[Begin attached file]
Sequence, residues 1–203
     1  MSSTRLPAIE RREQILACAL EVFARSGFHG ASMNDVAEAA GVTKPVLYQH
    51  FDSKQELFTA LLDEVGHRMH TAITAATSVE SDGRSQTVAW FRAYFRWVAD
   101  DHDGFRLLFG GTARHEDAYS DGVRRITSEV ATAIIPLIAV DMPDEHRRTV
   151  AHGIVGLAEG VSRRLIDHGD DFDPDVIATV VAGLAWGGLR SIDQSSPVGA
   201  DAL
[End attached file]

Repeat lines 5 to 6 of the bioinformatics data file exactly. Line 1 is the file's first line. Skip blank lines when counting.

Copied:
   151  AHGIVGLAEG VSRRLIDHGD DFDPDVIATV VAGLAWGGLR SIDQSSPVGA
   201  DAL